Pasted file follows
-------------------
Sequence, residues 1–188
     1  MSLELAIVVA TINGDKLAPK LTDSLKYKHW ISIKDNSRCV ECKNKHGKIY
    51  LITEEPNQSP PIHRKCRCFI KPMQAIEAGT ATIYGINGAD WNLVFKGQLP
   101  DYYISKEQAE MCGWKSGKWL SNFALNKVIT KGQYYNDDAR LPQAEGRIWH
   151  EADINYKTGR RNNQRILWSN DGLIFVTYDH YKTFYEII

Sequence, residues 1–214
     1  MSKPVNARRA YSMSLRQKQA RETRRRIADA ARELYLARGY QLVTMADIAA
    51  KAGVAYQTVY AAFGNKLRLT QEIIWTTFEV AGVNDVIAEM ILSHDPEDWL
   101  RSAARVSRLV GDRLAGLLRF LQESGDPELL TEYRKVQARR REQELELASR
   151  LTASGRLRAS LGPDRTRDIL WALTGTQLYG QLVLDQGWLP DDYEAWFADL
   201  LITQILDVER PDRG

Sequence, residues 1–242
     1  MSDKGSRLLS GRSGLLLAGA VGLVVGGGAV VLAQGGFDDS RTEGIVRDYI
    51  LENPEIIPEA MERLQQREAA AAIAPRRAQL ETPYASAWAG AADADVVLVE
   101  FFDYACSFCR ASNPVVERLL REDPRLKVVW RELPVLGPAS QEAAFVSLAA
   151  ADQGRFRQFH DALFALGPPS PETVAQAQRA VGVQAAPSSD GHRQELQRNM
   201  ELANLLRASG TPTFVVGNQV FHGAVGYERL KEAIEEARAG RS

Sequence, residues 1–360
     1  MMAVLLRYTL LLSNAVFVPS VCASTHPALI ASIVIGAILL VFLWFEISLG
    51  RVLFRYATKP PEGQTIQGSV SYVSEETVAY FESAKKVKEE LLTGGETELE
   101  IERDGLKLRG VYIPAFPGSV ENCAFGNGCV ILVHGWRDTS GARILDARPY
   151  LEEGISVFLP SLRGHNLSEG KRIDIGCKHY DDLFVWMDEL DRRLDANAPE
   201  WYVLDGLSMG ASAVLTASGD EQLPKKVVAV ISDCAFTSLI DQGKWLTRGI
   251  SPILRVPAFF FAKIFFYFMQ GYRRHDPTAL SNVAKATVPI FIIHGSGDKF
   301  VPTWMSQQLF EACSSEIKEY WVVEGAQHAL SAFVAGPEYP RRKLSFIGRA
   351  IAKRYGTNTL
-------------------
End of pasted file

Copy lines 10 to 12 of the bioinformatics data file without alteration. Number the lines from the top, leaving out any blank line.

   151  LTASGRLRAS LGPDRTRDIL WALTGTQLYG QLVLDQGWLP DDYEAWFADL
   201  LITQILDVER PDRG

Sequence, residues 1–242